Where you begin to enter into this pure mind, you are bordering the Higher Mind. Let us try to see some of the distinct and clear ideas of the pure mind so that if you experience some of them and we become aware of them, we shall be able to appreciate better, the higher planes of the consciousness. One example that Socrates used to give is to lead the individual to define. He used to say that if you define a word properly, you will get a distinct and clear idea of the thing in question. One of the exercises of pure mind is the exercise of defining. There is a famous story about Socrates, a friend of his called Archibiadis once went to Delphi from Athens, he use to live in Athens, but he went to Delphi another town in ancient Greece. Delphi was famous for one very important thing namely the Oracle. There used to be a temple and the priest of the temple used to be always a very cultivated mystic, cultivated spiritual leader, and the priest used to be reputed for always answering questions correctly. If anybody had any doubt in ancient Greece then one used to visit Delphi and used to go to the oracle, put a question and obtain an answer and settle the doubt. This friend of Socrates went to Delphi and he asked a question: ‘Who is the wisest man” and Delphi Oracle answered, − Socrates. The answer given by the Oracle was that Socrates is the wisest man. He was very pleased because he was the friend of Socrates and to find from Oracle this testimony that Socrates was the wisest man, he became very happy. When he returned to Athens he called upon Socrates and said: ‘look, you are the wisest man.’ Socrates was shocked; he said that ‘it’s not true’. He said but the Oracle has declared that you are the wisest. So, Socrates without being puffed up or anything of the kind, on the contrary he said, ‘For once Oracle has made a mistake, I know myself that I am so ignorant, how can I be wisest that is impossible.’ So he said: ‘I want to prove that Oracle can sometimes be mistaken, I shall now prove it by showing that there are wiser men than myself. He took upon him a task of interrogating all the wise people in Athens. He went from one person to the other, he went to the poets, to the writers, to the statesmen, all those teachers, sophists, various kinds of people who were claiming that they are really wise people and whom Socrates believed they were really wise. One after the other he went to every one of them and ultimately found not that he was wiser anybody else, he came to the conclusion that all of them are as ignorant as himself. But they believed that they were wise, but I am ignorant and I know that I am ignorant, therefore, I am wiser than them, so he could not disprove the Oracle. This is his famous statement, ‘I am wisest because I know that I am ignorant.’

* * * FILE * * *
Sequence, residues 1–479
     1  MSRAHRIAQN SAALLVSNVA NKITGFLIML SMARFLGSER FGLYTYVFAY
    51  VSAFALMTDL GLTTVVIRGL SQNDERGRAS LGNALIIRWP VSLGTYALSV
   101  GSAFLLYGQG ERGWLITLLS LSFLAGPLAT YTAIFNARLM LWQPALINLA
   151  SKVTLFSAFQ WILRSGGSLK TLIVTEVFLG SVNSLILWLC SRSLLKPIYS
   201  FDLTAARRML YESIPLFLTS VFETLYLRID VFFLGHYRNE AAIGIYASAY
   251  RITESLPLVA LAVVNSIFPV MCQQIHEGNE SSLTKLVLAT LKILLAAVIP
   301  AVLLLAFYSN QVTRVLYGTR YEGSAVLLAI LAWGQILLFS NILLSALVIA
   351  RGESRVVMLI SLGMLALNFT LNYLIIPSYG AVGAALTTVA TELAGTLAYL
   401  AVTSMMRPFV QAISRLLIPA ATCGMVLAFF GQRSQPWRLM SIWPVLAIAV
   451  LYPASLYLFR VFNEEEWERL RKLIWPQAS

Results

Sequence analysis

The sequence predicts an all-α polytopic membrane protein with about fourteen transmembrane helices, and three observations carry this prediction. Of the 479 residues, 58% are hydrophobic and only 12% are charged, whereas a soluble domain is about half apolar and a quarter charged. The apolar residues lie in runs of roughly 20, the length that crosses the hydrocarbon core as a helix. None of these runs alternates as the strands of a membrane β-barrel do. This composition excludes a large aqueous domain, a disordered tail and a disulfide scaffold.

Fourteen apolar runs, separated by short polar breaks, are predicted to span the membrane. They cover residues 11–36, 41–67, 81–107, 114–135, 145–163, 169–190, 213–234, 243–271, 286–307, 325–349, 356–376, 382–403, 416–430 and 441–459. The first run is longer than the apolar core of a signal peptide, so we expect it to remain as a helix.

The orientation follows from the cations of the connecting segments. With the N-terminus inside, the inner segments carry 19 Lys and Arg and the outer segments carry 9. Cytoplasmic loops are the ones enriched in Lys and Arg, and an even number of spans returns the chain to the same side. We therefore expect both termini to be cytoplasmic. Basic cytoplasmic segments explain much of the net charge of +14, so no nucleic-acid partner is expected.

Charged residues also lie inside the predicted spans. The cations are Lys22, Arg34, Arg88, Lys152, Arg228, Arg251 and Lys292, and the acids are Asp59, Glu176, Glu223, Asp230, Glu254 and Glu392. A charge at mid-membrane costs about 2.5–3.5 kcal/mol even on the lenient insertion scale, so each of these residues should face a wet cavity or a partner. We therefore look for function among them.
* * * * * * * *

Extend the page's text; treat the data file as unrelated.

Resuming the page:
One of the methods he used in his interrogation was the method of definitions Let us take one example, he went to one of the very renowned philosophers of his time, who used to be respected and he used to believe that he was even wiser than people believed him to be that was his own personal opinion. Socrates went to him with a great respect and said: ‘Sir I want to know what is Virtue? That philosopher said: ‘what a simple question, − benevolence is virtue don’t you understand, generosity is virtue, gratitude is virtue, courage is virtue. Socrates said: ‘you must pardon me because I am very poor in formulating my questions. Maybe that I have not made my question so clear to you, my question is not what are virtues, my question is what is virtue?’ The man was incapable of understanding the distinction between the true virtue and virtues. What are virtues and what is virtue? He could not understand the distinction. He again repeated, he said: ‘All right, if you want one virtue, generosity is a virtue. Again he had to say: ‘I am not asking you to give an example of a virtue, my question is what is it by virtue of which virtues are virtues that is my question.’ This was beyond the depth of this man, he couldn’t answer this question. This is the way in which he used to ask definitions and these definitions are purely activities of pure mind.
How will you define a virtue, you make yourself this exercise and you will understand a real exercise of the pure mind. You will understand what is pure mind. Let us take another example; you see two objects, bring two flowers here. You will see that each flower is different from other flower in some respect, but they are all similar flowers. Socrates used to say that how do you know that they are similar and he used to answer by saying that because we are seeing something which you have not seen physically. You know what is identity by virtue of that knowledge you know they are similar. Identity, you don’t see anywhere, what you are seeing are only similarities, you cannot see identity. You don’t say that this flower is exactly identical with that, but unless you know identity, you will not say what is similar.
By what means do you see the identity? Not physically, physical mind doesn’t see identity, vital mind doesn’t see identity and identity is seen by the pure mind. The pure mind seizes what it is to be flower basically, what it is to be a flower of this species. The identity of the species is seen not by physical terms, physicality always sees similarities. Here is a group of horses, each horse is different from the other horse, but they all belong to one species called the horse. Which is not physically seen, the identity of horseness is not seen physically, it is mentally seen. Mind has a kind of a sense, it’s a light.